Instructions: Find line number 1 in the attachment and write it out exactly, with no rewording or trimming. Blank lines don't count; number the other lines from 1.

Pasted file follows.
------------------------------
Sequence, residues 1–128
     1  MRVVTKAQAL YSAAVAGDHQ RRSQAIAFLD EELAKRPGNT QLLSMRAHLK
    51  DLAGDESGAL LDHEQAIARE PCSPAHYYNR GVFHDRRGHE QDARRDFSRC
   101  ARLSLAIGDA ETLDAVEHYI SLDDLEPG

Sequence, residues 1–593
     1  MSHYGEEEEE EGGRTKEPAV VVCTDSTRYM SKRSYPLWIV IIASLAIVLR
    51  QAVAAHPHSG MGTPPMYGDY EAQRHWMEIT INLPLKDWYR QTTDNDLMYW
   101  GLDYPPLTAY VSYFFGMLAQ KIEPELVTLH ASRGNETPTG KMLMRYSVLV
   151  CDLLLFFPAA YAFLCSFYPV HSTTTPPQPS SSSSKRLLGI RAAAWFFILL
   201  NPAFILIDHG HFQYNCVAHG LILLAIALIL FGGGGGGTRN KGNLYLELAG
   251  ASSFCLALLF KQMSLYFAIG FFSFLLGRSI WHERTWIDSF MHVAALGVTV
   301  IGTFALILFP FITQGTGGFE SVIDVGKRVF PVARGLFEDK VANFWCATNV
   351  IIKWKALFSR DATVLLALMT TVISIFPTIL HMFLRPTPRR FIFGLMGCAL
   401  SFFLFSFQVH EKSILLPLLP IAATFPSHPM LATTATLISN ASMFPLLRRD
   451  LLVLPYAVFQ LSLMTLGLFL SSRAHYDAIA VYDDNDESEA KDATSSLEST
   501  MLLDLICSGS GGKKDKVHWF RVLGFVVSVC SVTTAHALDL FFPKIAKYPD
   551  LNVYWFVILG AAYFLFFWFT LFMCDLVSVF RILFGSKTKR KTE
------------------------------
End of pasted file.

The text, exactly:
Sequence, residues 1–128